A bill to give financial institutions the chance to appeal the results of their federal examinations would be beneficial for credit unions because it “can be a useful incentive to conduct the process in a fair and consistent manner from the onset,’’ NAFCU Executive Vice President Dan Berger wrote lawmakers on Friday.
“Consistency in the examination process is a key component to providing results accurately reflecting safety and soundness,’’ he added.
The measure has 66 cosponsors in the 435-member House of Representatives. No companion bill has been introduced in the Senate. Its main sponsors are Rep. Shelley Moore Capito (R-W.Va.), the chairman of the subcommittee with primary jurisdiction over credit union issues, and Rep. Carolyn Maloney (D-N.Y.), the panel’s ranking Democrat. The NCUA hasn’t taken a position on the measure.
Under the bill, a financial institution that is unhappy with the results of its examination would have the right to appeal it to an administrative law judge who would submit his or her findings to the ombudsman of the Federal Financial Institutions Examination Council, which is made up of representatives of federal and state regulatory entities. NCUA Chairman Debbie Matz is the council’s current chairman.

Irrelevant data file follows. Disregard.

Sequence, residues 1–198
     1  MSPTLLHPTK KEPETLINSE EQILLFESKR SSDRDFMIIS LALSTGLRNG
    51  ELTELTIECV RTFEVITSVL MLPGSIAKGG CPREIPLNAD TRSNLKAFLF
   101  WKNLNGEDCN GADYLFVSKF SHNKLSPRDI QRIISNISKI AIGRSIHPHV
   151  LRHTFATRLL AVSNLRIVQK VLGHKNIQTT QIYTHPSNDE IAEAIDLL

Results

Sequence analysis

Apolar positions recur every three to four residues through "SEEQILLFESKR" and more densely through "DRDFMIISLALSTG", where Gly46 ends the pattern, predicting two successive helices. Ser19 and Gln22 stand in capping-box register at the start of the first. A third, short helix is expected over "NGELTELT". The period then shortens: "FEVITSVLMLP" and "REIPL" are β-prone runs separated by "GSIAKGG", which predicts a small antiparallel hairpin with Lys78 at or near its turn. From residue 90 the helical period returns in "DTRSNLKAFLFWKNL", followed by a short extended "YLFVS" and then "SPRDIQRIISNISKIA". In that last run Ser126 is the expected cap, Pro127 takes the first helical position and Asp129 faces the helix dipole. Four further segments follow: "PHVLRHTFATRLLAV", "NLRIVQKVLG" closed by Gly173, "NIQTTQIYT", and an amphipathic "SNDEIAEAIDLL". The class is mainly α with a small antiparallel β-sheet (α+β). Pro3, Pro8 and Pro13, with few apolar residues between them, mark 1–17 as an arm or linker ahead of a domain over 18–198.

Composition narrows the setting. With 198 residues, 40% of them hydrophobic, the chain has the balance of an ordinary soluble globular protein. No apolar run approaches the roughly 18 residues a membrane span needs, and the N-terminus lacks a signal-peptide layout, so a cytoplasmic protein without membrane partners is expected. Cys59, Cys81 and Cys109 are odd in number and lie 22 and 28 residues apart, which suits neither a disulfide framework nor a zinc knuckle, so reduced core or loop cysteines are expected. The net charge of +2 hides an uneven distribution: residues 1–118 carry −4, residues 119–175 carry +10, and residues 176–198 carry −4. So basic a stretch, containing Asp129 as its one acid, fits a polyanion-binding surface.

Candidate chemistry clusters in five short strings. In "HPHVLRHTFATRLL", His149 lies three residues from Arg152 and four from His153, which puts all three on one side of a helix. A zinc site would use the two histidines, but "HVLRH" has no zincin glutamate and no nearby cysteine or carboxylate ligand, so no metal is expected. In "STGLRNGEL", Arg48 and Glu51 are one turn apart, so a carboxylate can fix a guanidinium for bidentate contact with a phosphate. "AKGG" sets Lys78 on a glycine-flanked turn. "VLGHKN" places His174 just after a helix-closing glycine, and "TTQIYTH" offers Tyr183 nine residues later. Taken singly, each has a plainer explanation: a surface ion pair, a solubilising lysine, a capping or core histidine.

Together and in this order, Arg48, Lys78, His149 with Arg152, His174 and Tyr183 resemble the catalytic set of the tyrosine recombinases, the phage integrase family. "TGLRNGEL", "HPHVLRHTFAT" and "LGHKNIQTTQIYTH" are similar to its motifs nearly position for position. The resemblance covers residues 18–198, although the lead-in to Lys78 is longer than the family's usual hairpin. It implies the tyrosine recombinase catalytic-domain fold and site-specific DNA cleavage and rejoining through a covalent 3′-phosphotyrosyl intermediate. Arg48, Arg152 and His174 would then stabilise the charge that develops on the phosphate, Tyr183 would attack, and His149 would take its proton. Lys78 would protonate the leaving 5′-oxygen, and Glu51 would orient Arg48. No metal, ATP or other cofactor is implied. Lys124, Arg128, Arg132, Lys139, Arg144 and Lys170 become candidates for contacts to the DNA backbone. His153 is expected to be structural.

The bill requires federal financial regulators to produce examination reports within 60 days of an examination’s completion. In addition, if the financial institution wants it, the agency must include an appendix to the report listing all the facts that were used as a basis for the conclusions.
Earlier this week, CUNA endorsed the bill and made some suggestions for changing it.